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August 24 2013

If you can find within yourself the slightest shred of true uncertainty, then guard it like a forester nursing a campfire. If you can make it blaze up into a flame of curiosity, it will make you light and eager, and give purpose to your questioning and direction to your skills.
The Meditation on Curiosity - Less Wrong
Reposted byqueitschsobercudavreiner

August 10 2012

[They wanted to] investigate the causes—and possible remedies—of intergroup conflict.

How would they spark an intergroup conflict to investigate? Well, the 22 boys were divided into two groups of 11 campers, and—

—and that turned out to be quite sufficient.
The Robbers Cave Experiment - Less Wrong
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Reposted bynesraitMrCoffetimmoemrocznakatiabananananabananananabanananana

September 11 2011

If you sent me to an alternate universe where politicians were honest, bureaucrats cared, and voters weren’t so irrational—a world where good-idea policy initiatives tended to actually accomplish their stated goals without unexpected negative side effects—a world where the clear and visible end result of getting governments to do more and more was that economies grew faster and faster and people became happier and happier—then, in that world, I wouldn’t be a libertarian.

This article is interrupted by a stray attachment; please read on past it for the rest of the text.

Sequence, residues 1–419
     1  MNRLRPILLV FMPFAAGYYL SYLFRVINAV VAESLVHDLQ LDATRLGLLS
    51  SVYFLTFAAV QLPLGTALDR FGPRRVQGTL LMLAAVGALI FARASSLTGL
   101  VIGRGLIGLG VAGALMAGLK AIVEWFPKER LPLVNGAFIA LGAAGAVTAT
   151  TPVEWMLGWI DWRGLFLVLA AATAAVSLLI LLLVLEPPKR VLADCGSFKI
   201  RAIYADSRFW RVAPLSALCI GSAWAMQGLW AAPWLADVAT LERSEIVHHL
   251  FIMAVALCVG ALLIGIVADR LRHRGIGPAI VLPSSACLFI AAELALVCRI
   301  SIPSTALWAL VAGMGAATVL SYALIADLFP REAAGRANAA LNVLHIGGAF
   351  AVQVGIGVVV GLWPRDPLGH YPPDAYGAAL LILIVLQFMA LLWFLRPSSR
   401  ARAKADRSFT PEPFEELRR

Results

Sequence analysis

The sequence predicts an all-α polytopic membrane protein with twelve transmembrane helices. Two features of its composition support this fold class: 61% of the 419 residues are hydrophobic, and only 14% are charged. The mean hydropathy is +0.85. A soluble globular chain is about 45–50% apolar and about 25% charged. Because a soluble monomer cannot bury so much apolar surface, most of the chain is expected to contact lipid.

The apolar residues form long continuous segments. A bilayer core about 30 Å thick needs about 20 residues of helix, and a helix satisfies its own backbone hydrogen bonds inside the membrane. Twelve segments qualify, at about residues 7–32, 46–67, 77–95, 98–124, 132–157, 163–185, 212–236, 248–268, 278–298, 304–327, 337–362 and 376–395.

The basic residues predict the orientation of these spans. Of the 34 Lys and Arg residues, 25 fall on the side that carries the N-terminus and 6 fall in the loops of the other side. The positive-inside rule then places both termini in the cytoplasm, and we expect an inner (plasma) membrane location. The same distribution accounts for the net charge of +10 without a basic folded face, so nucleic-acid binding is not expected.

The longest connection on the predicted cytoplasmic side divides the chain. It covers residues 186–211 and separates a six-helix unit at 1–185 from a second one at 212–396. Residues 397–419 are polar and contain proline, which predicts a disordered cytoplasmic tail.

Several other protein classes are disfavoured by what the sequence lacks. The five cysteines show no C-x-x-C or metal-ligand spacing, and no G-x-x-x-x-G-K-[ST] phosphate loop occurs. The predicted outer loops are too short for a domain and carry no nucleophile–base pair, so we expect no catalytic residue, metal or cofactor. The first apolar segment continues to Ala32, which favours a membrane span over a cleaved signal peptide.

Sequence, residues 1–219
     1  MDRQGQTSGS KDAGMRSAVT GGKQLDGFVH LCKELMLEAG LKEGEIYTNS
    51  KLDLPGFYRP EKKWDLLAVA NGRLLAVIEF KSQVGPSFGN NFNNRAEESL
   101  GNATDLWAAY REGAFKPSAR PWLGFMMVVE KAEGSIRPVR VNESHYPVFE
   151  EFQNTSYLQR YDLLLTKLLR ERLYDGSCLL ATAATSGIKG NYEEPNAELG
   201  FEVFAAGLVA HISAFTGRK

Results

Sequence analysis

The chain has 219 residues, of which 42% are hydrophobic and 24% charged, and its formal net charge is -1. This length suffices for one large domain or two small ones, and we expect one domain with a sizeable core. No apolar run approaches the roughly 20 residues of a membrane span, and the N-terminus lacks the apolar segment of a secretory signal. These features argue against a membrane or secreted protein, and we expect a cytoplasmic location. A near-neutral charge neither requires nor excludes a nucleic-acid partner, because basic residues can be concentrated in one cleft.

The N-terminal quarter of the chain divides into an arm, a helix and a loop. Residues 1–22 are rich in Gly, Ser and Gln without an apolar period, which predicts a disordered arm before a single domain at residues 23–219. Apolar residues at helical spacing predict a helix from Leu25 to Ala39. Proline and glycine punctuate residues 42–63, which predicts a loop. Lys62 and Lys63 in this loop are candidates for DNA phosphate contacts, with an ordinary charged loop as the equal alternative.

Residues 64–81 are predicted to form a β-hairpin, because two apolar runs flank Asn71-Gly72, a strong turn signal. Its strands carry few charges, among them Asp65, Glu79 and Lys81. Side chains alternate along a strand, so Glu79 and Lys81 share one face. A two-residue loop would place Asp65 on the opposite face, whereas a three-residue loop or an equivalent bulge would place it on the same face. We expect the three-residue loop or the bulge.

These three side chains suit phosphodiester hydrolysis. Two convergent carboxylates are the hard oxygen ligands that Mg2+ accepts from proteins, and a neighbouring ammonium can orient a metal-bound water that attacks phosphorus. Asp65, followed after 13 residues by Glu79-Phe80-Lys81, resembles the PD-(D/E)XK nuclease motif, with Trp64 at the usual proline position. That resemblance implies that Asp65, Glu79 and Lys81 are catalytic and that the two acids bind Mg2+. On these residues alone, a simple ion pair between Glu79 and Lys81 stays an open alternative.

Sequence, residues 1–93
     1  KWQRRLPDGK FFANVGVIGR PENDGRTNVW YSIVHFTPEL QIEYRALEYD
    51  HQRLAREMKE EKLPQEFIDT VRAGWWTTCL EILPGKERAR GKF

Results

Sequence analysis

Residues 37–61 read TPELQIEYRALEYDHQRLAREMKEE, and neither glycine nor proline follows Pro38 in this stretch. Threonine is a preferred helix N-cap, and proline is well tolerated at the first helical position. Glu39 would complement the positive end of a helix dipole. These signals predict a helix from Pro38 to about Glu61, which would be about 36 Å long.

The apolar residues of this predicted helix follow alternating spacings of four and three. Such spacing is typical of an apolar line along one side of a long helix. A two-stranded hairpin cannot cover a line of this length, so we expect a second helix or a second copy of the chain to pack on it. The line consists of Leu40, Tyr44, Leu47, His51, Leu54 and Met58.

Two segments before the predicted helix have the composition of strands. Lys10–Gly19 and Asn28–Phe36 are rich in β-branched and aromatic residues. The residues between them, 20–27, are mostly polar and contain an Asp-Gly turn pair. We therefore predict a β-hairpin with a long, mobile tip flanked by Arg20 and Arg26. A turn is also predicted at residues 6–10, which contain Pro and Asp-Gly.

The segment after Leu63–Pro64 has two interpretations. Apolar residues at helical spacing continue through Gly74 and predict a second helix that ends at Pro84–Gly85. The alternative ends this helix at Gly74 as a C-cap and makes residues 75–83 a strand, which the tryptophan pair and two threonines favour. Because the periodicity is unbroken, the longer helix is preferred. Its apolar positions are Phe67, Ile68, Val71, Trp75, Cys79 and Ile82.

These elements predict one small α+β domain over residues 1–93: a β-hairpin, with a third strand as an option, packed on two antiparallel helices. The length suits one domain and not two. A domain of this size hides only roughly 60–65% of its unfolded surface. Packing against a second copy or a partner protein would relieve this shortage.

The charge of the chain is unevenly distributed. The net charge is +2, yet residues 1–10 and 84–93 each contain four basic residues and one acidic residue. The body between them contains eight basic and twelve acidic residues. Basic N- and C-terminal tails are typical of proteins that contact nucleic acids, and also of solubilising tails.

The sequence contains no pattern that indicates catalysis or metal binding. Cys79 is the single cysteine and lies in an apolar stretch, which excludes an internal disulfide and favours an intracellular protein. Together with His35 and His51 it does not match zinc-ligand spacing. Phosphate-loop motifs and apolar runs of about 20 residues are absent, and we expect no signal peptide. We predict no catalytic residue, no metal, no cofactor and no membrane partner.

Eliezer Yudkowsky | Cato Unbound
Reposted bythorben thorben

January 22 2011

Procrastination by reading random articles does not cause you to rest: You do not regain mental energy from it. Success and happiness cause you to regain willpower; what you need to heal your mind from any damage sustained by working is not inactivity, but reliably solvable problems which reliably deliver experienced jolts of positive reinforcement.
Working hurts less than procrastinating, we fear the twinge of starting – Eliezer Yudkowsky @ Less Wrong
Reposted byumruehrenjaphycliffordmondkroetestarbugIntehyacintchickinsoupjotbeiosmonoxydkaroliuszmalschauen2tutusRK

February 20 2009


Overcoming Bias: You Are Not Hiring the Top 1%

Statistical fallacy: The sample of people applying to your job/sending manuscripts to your publisher/applying to your educational program/applying for your grant/wanting to date you is likely biased towards the incompetent – because they apply at many more places, as well as more frequently.
Reposted byphilippe philippe

December 17 2008

I'm not concerned with having more of me - really, there are plenty of me already - but I do want most of me to be having fun.
— Have I mentioned I love Overcoming Bias?
Tags: wonder eliezer

December 12 2008

Intelligence is not about knowing lots of things, it's about being able to learn lots of things.
Overcoming Bias: What I Think, If Not Why (paraphrased)
Reposted bymarmeladerobi42wizard23brightbytecatarinoBrnLngreckontankietomczk

November 26 2008

I think [it is] a sensible coping strategy for transhumanist atheists to donate to an anti-death charity after a loved one dies. Death hurt us, so we will unmake Death. Let that be the outlet for our anger, which is terrible and just.
—  Eliezer Yudkowsky
Reposted bycypher cypher

November 17 2008

[Real rebellion] doesn't feel like going to school dressed in black. It feels like going to school wearing a clown suit.